C is for battery check. If the battery is good, then the needle should swing all the way into the blue section of the meter readout.
The lens meter has a High and Low sensitivity setting. This is adjusted by turning the bezel around the light meter port.
Use the High (marked "H") setting for low light.
CdS cells may take some time to stabilize in low light settings, so give it time if it is very dark. Remember this is technology from the 1960s. Later Gallium Arsenide or Silicon blue cells have instantaneous response.
The Low sensitivity setting ("L") puts an aperture plate physically in front of the cell to reduce its sensitivity. Use this setting for typical daylight exposure measurement. The Leicameters also use the same trick to adjust their sensitivity ratios. CdS cells are also subject to temporary blindness after exposure to excessive light. So, if you aim the camera at the sun, not only could you burn the shutter (stainless steel, but it has been reported that a hole could burn through), but you may blind the meter. That is, it could take several minutes before it can respond accurately to light level changes.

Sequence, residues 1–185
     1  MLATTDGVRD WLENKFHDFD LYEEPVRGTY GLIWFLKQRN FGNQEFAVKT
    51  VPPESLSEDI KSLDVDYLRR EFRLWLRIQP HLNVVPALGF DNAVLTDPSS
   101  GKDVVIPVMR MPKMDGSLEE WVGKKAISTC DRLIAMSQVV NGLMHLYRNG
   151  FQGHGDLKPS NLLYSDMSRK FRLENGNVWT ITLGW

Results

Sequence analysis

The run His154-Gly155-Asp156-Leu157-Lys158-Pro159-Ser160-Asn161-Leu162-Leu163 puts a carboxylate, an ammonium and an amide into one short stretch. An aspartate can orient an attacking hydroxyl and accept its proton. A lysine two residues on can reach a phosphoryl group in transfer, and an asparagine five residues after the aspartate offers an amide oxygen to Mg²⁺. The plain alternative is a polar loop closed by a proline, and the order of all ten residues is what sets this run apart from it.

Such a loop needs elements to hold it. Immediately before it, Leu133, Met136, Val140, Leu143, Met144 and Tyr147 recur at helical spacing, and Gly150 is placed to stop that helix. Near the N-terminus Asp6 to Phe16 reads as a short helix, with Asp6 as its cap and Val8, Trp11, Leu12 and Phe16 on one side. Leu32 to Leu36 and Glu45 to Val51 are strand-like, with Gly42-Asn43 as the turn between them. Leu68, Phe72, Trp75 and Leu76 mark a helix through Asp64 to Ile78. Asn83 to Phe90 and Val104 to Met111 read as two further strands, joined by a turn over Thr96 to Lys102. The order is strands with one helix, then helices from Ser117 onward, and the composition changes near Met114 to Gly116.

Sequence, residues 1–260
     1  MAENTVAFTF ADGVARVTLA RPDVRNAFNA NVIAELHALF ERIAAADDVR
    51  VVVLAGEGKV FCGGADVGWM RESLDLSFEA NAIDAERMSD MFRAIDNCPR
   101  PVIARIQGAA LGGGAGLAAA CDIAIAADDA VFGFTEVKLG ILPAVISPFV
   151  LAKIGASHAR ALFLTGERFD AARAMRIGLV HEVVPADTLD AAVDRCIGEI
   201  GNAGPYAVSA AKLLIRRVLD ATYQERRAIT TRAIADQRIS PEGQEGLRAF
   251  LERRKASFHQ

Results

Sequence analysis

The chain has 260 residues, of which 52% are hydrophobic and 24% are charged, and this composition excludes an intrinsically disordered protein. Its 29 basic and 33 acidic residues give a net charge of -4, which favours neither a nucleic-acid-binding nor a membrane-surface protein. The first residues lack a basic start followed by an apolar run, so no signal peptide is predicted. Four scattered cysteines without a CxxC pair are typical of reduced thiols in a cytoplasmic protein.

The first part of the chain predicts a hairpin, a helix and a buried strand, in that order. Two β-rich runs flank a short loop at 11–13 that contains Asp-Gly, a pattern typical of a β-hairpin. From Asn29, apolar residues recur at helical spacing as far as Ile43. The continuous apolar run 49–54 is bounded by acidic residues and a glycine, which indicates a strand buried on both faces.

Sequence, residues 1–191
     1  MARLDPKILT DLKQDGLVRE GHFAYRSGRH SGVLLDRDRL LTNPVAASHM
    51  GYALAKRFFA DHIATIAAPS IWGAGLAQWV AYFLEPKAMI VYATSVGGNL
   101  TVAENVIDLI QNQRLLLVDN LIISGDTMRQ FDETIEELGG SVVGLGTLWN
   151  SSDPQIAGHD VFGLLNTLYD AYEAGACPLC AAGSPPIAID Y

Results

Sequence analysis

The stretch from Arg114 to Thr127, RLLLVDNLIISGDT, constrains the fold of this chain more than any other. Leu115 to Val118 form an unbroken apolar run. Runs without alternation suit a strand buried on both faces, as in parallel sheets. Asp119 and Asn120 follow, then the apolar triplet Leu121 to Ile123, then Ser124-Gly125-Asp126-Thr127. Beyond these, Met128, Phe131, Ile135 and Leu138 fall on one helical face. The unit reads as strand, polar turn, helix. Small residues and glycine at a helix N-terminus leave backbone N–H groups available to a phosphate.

Film is not complicated, but it does require understanding of what is going on. These old cameras expect you to do the thinking. There is no "AUTO" function.
Stephen Gandy has a great writeup on the Canon 7 series of cameras here: https://cameraquest.com/canon7sz.htm